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Crown Prosecutors

Crown Prosecutors are responsible for determining the charge in all but minor cases, advising the police during the early stages of an investigation, reviewing cases submitted by the police for prosecution, preparing cases for court and presenting those cases at court. In each case reviewed, the prosecutor will consider whether there is sufficient evidence and, if so, whether the public interest requires a prosecution. Although Crown Prosecutors work closely with the police, they are responsible to the Crown Prosecution Service, an independent governmental organisation.

Code for Crown Prosecutors

Selection of Charges

6.1 Prosecutors should select charges which:

  1. reflect the seriousness and extent of the offending supported by the evidence;
  2. give the court adequate powers to sentence and impose appropriate post-conviction orders; and
  3. enable the case to be presented in a clear and simple way.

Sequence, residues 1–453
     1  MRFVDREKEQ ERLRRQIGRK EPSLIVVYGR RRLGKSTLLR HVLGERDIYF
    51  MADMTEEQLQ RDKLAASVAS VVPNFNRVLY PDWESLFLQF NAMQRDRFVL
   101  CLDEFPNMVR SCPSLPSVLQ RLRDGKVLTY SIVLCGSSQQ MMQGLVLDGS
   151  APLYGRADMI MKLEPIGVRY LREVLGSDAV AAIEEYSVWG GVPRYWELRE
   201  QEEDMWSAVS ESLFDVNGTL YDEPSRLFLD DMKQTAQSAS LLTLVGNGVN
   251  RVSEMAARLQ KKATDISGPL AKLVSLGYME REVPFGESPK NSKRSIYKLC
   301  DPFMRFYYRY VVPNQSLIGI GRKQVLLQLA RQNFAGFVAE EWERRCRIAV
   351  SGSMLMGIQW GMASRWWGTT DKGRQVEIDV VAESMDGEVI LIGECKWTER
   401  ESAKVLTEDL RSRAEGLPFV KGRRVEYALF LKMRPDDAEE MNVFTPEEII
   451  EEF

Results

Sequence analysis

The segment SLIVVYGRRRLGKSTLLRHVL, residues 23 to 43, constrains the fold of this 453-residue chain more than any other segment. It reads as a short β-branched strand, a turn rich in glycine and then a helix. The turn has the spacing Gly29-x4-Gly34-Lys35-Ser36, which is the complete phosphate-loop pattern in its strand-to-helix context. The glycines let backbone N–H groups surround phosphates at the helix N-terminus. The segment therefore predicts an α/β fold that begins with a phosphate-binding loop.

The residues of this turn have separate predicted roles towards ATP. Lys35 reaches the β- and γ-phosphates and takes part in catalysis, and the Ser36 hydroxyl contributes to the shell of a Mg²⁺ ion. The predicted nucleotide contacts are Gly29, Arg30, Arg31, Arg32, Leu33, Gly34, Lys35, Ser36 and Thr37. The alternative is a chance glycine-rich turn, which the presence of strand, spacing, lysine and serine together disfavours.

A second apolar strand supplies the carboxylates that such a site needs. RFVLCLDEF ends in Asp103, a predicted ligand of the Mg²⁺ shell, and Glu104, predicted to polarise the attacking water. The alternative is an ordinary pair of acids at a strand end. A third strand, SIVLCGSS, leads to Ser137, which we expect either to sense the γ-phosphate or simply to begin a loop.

6.2 This means that prosecutors may not always choose or continue with the most serious charge where there is a choice.

6.3 Prosecutors should never go ahead with more charges than are necessary just to encourage a defendant to plead guilty to a few. In the same way, they should never go ahead with a more serious charge just to encourage a defendant to plead guilty to a less serious one.

6.4 Prosecutors should not change the charge simply because of the decision made by the court or the defendant about where the case will be heard.

6.5 Prosecutors must take account of any relevant change in circumstances as the case progresses after charge.